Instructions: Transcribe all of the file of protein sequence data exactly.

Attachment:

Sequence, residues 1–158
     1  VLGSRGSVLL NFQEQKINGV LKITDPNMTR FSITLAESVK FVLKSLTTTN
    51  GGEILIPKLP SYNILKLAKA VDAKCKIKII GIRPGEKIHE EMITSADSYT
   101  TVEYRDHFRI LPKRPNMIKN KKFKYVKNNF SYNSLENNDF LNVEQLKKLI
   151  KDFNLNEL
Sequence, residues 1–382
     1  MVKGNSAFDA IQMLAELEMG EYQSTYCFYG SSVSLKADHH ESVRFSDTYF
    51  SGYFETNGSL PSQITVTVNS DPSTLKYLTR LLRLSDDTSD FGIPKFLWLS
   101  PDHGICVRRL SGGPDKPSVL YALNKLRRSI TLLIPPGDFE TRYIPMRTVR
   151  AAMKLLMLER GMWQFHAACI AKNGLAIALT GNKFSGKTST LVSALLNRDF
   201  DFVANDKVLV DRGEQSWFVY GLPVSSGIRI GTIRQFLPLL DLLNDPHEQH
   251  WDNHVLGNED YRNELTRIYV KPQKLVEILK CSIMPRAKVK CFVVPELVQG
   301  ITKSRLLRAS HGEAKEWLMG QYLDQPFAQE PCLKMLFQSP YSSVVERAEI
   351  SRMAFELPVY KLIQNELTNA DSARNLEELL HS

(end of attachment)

Sequence, residues 1–158
     1  VLGSRGSVLL NFQEQKINGV LKITDPNMTR FSITLAESVK FVLKSLTTTN
    51  GGEILIPKLP SYNILKLAKA VDAKCKIKII GIRPGEKIHE EMITSADSYT
   101  TVEYRDHFRI LPKRPNMIKN KKFKYVKNNF SYNSLENNDF LNVEQLKKLI
   151  KDFNLNEL
Sequence, residues 1–382
     1  MVKGNSAFDA IQMLAELEMG EYQSTYCFYG SSVSLKADHH ESVRFSDTYF
    51  SGYFETNGSL PSQITVTVNS DPSTLKYLTR LLRLSDDTSD FGIPKFLWLS
   101  PDHGICVRRL SGGPDKPSVL YALNKLRRSI TLLIPPGDFE TRYIPMRTVR
   151  AAMKLLMLER GMWQFHAACI AKNGLAIALT GNKFSGKTST LVSALLNRDF
   201  DFVANDKVLV DRGEQSWFVY GLPVSSGIRI GTIRQFLPLL DLLNDPHEQH
   251  WDNHVLGNED YRNELTRIYV KPQKLVEILK CSIMPRAKVK CFVVPELVQG
   301  ITKSRLLRAS HGEAKEWLMG QYLDQPFAQE PCLKMLFQSP YSSVVERAEI
   351  SRMAFELPVY KLIQNELTNA DSARNLEELL HS